This story originally aired in November of 2016.
On September 10, 2016 football players from Mission High School in San Francisco were headed to a game in Redwood City. They were led by San Francisco Chronicle 2015 football player of the year Niamey Harris, a 17-year-old senior quarterback from Bayview.
“We were talking about it on the bus with each other,” Harris says. “And we were talking about what Kaepernick did a couple of days before. And right before the national anthem came on, we were coming back from the coin toss, and we told everybody to take a knee. We’re going to take a knee for the rights of the United States. And when I took a knee, and everybody else took a knee, I felt like a big leader, and that I was doing something right.”
Everybody followed his lead, that is, except one player. Kicker Duncan Lau stood behind his teammates as they knelt during the national anthem. And he held his fist in the air. He respected the protest of his football family, but he also wanted to honor his grandfather.
“He was a colonel in World War Two, and he risked his life for the anthem, and for the flag, and he lost plenty of friends and family for it, too,” Lau says. “It’s not supposed to be disrespectful towards anybody. It’s supposed to be more supportive and constructive toward both sides. That’s why I raised the fist as well, just to show that I was with both sides of my family.”
The impromptu demonstration took head coach Greg Hill by surprise. He says he supported his team, but he himself stayed standing.
“I have uncles who have Purple Hearts in the military from when they were in the armed forces,” Hill says. “So I’m supporting my team in what they do, and at the same time, I stand out of respect, you know?”
The team’s protest drew national media attention. Kicker Duncan Lau says he and his teammates received praise and criticism.
“Ah, there was a lot of racist comments, sexist comments, a lot of using hateful words that I’m not going to say in the press,” Lau says. “It’s just a lot of hate that we shouldn’t see in our country, because we’re supposed to be one people. But the reason why we kneel right now is because we’re not one people, we’re just two separate sides.”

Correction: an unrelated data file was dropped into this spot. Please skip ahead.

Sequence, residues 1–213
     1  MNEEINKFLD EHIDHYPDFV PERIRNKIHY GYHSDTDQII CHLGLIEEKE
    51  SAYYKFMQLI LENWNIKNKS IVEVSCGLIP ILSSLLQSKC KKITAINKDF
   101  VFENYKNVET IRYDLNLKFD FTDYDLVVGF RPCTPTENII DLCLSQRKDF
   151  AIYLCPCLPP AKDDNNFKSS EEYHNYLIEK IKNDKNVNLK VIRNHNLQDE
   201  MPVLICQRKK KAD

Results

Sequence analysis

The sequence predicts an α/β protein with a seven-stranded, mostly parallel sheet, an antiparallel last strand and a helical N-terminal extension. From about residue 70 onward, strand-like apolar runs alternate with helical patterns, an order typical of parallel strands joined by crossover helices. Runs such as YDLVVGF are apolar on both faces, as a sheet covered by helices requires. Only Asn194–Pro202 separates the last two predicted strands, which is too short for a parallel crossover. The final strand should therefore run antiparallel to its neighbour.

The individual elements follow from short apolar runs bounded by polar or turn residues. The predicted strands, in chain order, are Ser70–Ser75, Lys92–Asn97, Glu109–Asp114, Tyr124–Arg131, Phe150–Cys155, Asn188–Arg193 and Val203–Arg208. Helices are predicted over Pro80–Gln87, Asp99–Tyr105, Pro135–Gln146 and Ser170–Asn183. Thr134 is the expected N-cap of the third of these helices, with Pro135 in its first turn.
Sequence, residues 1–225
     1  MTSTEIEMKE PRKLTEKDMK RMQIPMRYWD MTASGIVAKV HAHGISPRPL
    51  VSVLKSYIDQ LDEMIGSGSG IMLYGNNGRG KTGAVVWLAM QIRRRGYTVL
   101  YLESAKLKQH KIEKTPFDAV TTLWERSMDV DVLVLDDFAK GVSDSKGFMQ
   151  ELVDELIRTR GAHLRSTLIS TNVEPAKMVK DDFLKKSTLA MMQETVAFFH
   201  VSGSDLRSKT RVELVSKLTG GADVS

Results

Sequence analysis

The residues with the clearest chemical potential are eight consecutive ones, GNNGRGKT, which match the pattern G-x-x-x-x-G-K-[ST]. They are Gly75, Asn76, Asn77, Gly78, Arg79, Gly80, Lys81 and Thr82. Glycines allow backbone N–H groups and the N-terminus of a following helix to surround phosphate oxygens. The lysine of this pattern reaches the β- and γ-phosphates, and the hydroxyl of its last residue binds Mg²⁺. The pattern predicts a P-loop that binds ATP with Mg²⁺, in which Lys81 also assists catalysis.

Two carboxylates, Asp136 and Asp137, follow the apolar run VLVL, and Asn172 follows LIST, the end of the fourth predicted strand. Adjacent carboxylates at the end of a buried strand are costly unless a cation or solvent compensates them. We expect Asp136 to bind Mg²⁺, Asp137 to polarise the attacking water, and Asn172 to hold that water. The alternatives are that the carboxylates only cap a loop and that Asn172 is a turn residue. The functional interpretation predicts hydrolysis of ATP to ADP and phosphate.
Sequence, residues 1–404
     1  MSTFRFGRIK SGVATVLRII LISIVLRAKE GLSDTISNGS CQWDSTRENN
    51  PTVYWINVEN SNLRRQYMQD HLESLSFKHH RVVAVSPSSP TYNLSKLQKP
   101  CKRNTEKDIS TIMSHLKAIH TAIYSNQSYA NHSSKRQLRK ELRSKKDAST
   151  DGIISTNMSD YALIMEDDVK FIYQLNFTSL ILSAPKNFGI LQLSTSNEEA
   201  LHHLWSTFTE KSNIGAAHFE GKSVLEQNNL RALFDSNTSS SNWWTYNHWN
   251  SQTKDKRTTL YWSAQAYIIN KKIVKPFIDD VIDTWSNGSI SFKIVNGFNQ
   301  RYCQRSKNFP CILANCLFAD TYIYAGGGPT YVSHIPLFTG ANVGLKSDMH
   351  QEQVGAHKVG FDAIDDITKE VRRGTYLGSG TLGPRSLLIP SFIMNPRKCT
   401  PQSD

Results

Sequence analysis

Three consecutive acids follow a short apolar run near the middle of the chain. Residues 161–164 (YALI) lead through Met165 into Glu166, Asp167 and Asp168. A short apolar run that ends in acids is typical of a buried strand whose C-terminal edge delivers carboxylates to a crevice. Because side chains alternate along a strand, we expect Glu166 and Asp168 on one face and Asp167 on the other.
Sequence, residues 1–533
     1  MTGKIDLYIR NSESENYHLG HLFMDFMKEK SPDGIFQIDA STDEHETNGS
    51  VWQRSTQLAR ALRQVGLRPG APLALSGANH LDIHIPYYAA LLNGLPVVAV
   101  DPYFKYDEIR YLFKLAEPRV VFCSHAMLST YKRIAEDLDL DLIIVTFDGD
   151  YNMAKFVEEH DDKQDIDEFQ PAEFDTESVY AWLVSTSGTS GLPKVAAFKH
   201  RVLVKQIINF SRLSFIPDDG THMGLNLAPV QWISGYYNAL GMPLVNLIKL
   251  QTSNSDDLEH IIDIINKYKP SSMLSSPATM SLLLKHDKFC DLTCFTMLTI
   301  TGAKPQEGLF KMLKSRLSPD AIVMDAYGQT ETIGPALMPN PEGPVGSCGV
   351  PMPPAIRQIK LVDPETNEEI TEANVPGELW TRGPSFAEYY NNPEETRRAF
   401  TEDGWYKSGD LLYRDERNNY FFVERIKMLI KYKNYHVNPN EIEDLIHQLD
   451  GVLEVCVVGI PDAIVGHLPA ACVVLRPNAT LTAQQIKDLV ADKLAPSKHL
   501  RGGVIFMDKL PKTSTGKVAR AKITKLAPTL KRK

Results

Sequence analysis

The action brought the team together. They went on to sweep all of their games in the San Francisco Unified School District — and Niamey Harris also went on to lead the Mission High School basketball team to the first state championship in the history of the school district.
Over in East Oakland, Ed Washington was coaching the football team at Castlemont High School. After his players staged a protest, laying down during a public rendition of the national anthem, he got a call from Kaepernick’s manager. The NFL quarterback wanted to meet with them. So he did.
“What’s most important is that you look out for one another,” he told the student athletes. “This is your family. These are your brothers. I look at all of you as brothers. I see your strength. I see your power. I see your courage, your confidence. And that’s something you have to be able to speak into each other as well. Speak confidence into him. ‘You’re going to play great today. You’re going to be the best player out there. And not just the best player on the field, but the best player when you walk off that field and into the real world.’
Coach Washington says the students were stunned, excited and happy.
“You are important,” Kaepernick told them. “You make a difference. This matters. Everything you do matters. Look out for one another. Lift each other up. That’s what this is about. I had to come support y’all because of the same way y’all took a stand and stood with me, I had to come out here and stand with y’all. So I appreciate what y’all did. I love y’all. Y’all are my brothers. I’m here with you.”
Coach Washington says Kaepernick’s contact with the team didn’t end with that visit.
“Kaepernick buys us pregame meals every week,” he says. “He buys postgame meals, just to get these kids fed and help me out. ‘Cause he really appreciates what we’re doing. He invited us down to the little function he threw downtown. And, man, it’s just a beautiful thing, man. When he said he was our brother, he was their brother. And he meant that. He meant that because he’s showing that. We got people from Oakland wanting to come over to our school. We’re in probably the roughest part of Oakland. And people who won’t even show up, you know what I’m saying? [Kaepernick] has got that platform. So for him to do that and take a stand, that was real big. And that was powerful.”